Earlier this year, Herman & Wallace sponsored the first ever pelvic rehab course for physios in Nairobi, Kenya in partnership with The Jackson Clinics Foundation. After returning from that course, Kathy Golic, PT spent months writing a new course, adapting information from Pelvic Floor Level 1, Level 2A, and the Pregnancy and Postpartum series. This October, Kathy (along with co-instructors Casie Danenhauer and Sherine Aubert) returned to teach her follow-up course that expanded on the first module, introducing lectures and labs tailored to the community of pelvic physios in Kenya. This dispatch comes from instructor Kathy Golic, PT, who sent in this article shortly after returning from the course. Huge thanks to Kathy and her colleagues Sherine Aubert and Casie Danenhauer for doing this important work!
It has been a week now, and as I type looking out on the windy rainy day, it is hard to believe that I was so recently in a warm, sheltered classroom sequestered from the hustle and bustle of Nairobi. A place which has captured my heart. Really it is the people, especially my new “sisters” who I spent so much time with during this last two-week course module. Once again, I experienced chill bumps every day from witnessing the growth, the stories, the wisdom and the compassion of these bright, motivated, committed physiotherapists who came back for the 2nd module in our series to help them become experts in the field of Pelvic Health. This module covered topics of Pregnancy, Postpartum care, Prolapse, Colorectal Conditions including fecal incontinence and constipation, and Coccydynia. We had a terrific printed course manual for this 2nd in the series, thanks to the partnership of Herman and Wallace and Jackson Clinics Foundation. With my wonderful and resourceful, skilled colleagues from LA, Casie Danenhaur, and Sherine Aubert, we included comprehensive lectures, lively demonstrations, hands on creative experiential learning opportunities, and awesome supervised lab training sessions. We also had a lot of case study discussions, and live case studies where we assisted the students, who are practicing physiotherapists, in conducting thorough assessments and clinical reasoning processes to treat and make plans to further the progress of their patients.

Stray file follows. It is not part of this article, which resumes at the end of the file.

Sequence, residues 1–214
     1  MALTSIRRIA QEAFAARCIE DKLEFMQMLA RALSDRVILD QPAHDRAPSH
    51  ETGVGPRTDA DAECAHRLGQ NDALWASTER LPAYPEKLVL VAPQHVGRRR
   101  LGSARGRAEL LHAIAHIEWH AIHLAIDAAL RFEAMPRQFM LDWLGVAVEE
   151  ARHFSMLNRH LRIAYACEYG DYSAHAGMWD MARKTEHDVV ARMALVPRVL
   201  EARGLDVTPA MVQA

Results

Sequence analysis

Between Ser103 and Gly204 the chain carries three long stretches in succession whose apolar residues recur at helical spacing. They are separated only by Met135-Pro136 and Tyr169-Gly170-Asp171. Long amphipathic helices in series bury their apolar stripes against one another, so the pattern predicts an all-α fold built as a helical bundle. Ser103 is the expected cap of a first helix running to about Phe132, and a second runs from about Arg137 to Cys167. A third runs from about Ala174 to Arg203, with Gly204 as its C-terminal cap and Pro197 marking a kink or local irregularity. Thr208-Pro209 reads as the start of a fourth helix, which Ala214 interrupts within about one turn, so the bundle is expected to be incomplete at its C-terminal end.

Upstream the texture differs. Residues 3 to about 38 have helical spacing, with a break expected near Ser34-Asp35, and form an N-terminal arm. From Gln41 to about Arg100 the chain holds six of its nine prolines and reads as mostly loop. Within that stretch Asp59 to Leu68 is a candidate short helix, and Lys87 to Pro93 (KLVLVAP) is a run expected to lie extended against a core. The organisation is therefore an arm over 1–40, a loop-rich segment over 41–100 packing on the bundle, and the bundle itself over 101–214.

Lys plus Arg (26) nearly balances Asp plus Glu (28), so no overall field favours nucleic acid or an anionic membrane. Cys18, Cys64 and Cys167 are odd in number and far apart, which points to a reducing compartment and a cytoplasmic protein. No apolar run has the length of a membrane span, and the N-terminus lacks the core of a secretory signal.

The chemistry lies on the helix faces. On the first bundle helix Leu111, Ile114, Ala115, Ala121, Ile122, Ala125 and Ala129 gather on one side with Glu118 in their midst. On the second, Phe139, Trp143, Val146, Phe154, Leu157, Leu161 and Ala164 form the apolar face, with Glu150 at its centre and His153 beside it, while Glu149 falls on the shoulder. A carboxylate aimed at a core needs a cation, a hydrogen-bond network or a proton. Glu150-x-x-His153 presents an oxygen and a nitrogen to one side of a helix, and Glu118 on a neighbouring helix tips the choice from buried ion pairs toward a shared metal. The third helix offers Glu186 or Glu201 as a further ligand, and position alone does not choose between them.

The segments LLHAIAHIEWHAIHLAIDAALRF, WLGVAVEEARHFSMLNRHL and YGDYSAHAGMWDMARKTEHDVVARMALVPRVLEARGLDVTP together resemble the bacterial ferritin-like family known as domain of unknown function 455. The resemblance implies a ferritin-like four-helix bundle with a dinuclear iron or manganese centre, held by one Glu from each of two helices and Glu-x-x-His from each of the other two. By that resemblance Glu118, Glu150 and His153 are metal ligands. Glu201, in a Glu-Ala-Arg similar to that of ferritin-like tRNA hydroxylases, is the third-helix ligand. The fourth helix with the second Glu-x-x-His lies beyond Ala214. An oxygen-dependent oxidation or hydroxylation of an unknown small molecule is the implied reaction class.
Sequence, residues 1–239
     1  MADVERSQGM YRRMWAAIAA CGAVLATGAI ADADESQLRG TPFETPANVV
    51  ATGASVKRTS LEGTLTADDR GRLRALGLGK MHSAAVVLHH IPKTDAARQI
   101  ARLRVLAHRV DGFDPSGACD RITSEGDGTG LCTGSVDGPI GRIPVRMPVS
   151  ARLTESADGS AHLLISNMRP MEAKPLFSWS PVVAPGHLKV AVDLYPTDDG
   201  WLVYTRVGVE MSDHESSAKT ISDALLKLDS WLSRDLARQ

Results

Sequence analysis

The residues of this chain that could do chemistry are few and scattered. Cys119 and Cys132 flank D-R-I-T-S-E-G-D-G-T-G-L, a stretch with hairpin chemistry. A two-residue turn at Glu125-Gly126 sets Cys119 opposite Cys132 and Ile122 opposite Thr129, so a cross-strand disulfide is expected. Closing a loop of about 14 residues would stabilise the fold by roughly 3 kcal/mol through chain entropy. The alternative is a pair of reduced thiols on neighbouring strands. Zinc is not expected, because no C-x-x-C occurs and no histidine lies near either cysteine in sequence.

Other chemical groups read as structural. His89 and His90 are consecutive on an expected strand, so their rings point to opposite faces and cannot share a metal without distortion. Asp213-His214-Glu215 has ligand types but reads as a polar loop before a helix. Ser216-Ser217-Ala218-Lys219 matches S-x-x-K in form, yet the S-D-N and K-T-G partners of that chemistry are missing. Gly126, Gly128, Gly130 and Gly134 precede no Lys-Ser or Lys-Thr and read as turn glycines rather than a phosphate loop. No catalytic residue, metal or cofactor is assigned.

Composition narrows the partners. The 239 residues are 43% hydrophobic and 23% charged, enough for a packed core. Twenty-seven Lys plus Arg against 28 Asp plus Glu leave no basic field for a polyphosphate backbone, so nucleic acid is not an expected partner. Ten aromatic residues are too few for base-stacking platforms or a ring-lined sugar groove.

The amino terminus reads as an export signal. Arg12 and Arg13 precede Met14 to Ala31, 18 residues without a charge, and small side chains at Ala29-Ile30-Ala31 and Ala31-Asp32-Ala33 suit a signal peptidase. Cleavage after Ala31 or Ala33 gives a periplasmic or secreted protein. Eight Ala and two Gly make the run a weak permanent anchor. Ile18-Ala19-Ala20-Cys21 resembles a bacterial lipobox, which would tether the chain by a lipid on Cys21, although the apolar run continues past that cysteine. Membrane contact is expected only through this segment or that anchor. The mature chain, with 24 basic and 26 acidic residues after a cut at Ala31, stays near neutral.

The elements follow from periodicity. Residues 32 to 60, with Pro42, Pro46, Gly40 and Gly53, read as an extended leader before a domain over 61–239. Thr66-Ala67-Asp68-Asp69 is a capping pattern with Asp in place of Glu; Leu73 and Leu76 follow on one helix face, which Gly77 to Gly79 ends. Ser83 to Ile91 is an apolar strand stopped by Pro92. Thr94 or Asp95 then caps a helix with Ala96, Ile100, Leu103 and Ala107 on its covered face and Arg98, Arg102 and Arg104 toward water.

All of this in itself was incredibly rewarding. But there was more. The power of sacrifice we witnessed. The power of solidarity and true generosity. Most of these women continued to have to work after class even while in this two-week module; in class from 8-4, but then going on their way, some of them through heavy Nairobi traffic, to treat patients in their offices, or to work hospital shifts. One student heading out after a Wed. afternoon class told me that she was going to work from 7- midnight, then would sleep until 4am, then back to work until 7 am, before returning to class at 8 am. She also had to miss one class to participate in her mentorship for her ortho advanced diploma, so had to make up a test with us the next day. (she aced the test!) Now for the generosity. I will share just 1 of many stories. One of the physios asked a patient of hers whom she felt she could use some help with, if she would mind traveling to the KMTC classroom where we were teaching so the other students could learn, while we the visiting instructors, would help guide in her assessment and care. This woman agreed, and got up at 3:30 am, traveled by bus for 3 hours to come for her treatment. She willingly shared her story, and it was tough to hear. She worked as a vegetable vendor carrying produce on her back, lifting it, and sitting on a stone for hours each day. She, a mother of 5 grown children with an unemployed husband. Her physio and the class did quite well in their assessment and with treatment and suggestions. She seemed pleased. Then as she prepared to leave, some of the physio students “passed the hat” and collected 7,000 kshillings (about $70.00) and presented this humble lady with the money so that she could afford transportation home. It is my understanding that most Kenyans spend 50% of their income on food, so sharing with this patient was a true sacrifice. But for these ladies, there was no question about it. This is how they live and how they work. They are themselves so grateful for the knowledge, skills and experience that they are getting through this program, and they will pay it backwards and forwards. My colleagues this time and last time, are also indebted to them for all they have taught us. It is truly an honor and privilege to be part of this great program, and I too am thankful for all the team players in this venture.